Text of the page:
Australia risks ban, fine by refusing to play tennis in India (Lead, Changing Dateline)

April 25th, 2009 - 11:56 am ICT by IANS  

Davis Cup New Delhi/Sydney, April 25 (IANS) Tennis Australia (TA) Saturday announced that it will not send its team to play the Davis Cup tie against India in Chennai May 8-10 because of security concerns, risking a one-year ban from the competition and a $100,000 fine.
The TA decision comes in the wake of the International Tennis Federation (ITF) board’s rejection of its appeal to move the tie out of India.

TA president Geoff Pollard said in a statement that the ITF’s decision has left the Australians with no option but to pull out.

“We asked for the tie to be moved because we have major security concerns for the players, particularly during the election,” said Pollard.

“The ITF decision has left us with no other option. We cannot send the team, it is extremely disappointing. It would be irresponsible of us to send our players into an area of such high risk. The Davis Cup is very important to us but some things are more important than tennis,” he added.

Davis Cup captain John Fitzgerald expressed his anger at the ITF decision to not shift the Asia-Oceania Zone Group I third round tie.

“It is just irresponsible,” Fitzgerald said. “Surely some thought must be given to the players’ safety.”

“I believe they say the election is not a cause for concern, the IPL (Indian Premier League cricket tournament) moving is not relevant and that an ATP tournament held in January shows it is safe to play in Chennai.

“So what about the fact that dozens of people are being killed along the campaign trail of the election? A train was hijacked this week, but that does not alter their thoughts? Did the IPL move for no reason?” he questioned.

“The ATP event involved no national teams and was held three months prior to the election. This decision makes no sense. We have worked so hard to get back in to World Group contention, to have it snatched away like this is gut wrenching,” he added.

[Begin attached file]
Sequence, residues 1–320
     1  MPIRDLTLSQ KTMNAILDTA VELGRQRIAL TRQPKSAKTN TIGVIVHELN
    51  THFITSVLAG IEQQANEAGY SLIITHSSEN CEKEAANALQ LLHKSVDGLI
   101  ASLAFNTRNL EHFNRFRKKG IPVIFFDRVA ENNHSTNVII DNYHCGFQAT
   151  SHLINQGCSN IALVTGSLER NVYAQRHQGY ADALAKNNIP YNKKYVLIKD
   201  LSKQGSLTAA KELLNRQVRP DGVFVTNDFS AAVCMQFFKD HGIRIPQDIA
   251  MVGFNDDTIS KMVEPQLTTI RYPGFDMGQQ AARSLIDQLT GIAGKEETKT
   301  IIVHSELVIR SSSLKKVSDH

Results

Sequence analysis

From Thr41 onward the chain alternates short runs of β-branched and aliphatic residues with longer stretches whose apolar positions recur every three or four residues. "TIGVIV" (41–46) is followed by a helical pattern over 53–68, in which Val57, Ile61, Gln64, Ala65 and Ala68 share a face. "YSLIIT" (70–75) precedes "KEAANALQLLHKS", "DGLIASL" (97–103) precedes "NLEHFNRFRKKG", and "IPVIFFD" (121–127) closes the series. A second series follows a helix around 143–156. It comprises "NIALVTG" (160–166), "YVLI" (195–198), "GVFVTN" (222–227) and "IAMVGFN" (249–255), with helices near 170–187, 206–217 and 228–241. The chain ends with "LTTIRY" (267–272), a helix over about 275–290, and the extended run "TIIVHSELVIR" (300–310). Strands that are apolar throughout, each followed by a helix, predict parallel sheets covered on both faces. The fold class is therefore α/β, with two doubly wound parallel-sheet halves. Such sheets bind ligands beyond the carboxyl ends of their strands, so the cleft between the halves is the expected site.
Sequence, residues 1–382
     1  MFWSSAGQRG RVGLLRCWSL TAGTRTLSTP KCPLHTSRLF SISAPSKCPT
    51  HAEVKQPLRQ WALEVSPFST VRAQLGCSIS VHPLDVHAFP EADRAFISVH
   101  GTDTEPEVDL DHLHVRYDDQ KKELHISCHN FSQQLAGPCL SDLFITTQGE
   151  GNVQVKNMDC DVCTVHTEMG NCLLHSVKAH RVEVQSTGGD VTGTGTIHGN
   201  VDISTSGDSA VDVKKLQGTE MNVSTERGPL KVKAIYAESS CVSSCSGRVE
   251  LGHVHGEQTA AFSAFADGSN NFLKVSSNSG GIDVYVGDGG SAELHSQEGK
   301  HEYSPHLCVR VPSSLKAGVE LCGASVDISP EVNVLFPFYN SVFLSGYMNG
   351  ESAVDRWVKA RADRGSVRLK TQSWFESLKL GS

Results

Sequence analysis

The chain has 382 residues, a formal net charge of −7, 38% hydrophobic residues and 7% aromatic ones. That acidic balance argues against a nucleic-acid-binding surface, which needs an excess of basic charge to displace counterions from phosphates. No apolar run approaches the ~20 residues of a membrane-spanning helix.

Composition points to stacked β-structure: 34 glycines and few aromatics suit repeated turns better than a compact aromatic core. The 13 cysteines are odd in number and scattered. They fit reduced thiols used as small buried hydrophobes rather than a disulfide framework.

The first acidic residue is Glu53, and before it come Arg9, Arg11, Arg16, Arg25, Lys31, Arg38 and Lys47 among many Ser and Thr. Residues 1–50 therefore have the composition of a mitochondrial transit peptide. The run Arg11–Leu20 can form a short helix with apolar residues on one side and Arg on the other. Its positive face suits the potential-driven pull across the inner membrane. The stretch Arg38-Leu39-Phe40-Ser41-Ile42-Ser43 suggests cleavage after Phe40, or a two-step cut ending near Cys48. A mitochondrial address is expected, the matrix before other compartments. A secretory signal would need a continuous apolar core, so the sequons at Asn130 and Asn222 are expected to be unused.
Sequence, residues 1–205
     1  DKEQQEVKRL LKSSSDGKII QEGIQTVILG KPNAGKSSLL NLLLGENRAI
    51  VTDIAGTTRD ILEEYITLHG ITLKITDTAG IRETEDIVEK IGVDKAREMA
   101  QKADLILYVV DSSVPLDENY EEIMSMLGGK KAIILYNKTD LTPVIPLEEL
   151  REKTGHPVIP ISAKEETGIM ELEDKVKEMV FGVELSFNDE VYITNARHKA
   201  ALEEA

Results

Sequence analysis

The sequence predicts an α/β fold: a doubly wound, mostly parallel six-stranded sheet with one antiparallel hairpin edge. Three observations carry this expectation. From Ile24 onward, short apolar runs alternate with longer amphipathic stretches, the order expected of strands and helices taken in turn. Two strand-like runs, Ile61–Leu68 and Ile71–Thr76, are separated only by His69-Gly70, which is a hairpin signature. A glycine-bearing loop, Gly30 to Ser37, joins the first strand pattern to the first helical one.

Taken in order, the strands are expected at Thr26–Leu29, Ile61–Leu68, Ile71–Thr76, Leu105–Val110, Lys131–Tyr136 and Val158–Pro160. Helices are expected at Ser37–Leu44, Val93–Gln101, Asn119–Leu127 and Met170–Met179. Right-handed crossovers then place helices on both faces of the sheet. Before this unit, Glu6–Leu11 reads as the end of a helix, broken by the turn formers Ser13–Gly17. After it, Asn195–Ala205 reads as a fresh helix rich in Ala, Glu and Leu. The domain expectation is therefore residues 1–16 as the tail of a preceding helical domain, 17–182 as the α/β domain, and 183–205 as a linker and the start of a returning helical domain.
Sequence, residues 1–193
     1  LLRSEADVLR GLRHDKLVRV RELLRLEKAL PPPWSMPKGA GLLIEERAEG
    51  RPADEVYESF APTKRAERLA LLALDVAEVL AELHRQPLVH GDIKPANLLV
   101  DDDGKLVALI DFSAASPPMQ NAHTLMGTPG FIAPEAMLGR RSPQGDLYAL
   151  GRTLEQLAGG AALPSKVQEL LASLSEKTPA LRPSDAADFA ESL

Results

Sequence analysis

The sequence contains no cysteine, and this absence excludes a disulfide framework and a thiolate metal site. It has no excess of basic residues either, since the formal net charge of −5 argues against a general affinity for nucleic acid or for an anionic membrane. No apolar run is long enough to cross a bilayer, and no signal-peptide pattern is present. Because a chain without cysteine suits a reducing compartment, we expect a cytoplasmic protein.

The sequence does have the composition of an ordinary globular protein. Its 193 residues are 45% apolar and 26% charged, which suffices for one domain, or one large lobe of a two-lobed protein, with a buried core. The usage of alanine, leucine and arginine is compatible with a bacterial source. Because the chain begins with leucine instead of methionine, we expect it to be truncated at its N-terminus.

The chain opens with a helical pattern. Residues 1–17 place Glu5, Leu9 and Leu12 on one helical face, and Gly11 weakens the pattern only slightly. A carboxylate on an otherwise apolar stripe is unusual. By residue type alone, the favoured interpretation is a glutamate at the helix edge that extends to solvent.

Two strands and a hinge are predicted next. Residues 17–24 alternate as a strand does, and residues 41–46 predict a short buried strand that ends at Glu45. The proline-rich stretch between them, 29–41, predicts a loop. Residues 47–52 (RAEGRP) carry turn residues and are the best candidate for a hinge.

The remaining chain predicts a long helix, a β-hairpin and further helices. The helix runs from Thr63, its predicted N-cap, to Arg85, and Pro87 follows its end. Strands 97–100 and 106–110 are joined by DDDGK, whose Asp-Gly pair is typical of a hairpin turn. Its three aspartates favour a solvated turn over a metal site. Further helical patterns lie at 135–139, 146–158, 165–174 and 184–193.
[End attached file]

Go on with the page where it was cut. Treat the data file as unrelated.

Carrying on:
Fitzgerald said the players shared his disappointment and hoped for the ITF to revoke its decision.

“This decision makes no sense. We have worked so hard to get back in to World Group contention, to have it snatched away like this is gut wrenching,” he said.

Australia’s top player and former World number one Lleyton Hewitt and teammate Chris Guccione have already indicated that they would not be travelling to Chennai for the tie.

Hewitt’s manager David Drysdale said earlier in the week that the two-time Grand Slam champion and father of two would not go to India.

All India Tennis Association (AITA) secretary-general Anil Khanna told IANS that he never had any apprehension about the tie being played in Chennai and was happy with the ITF decision.

“The ITF decision was on the expected lines and we welcome it. The security measures for the tie are tight and there is no need for any apprehension,” Khanna said.

The AITA was confident the ITF would not accede to Australia’s request, considering that the international body’s own security consultants had cleared the Chennai stadium and declared it was safe.

A win over India would take Australia to the World Group play-offs in September, paving the way for re-entry into the top tier in 2010.

A loss against India, with a depleted team, would mean 2012 would be the earliest Australia could re-enter the World Group. A 12-month ban would push that back to 2013.

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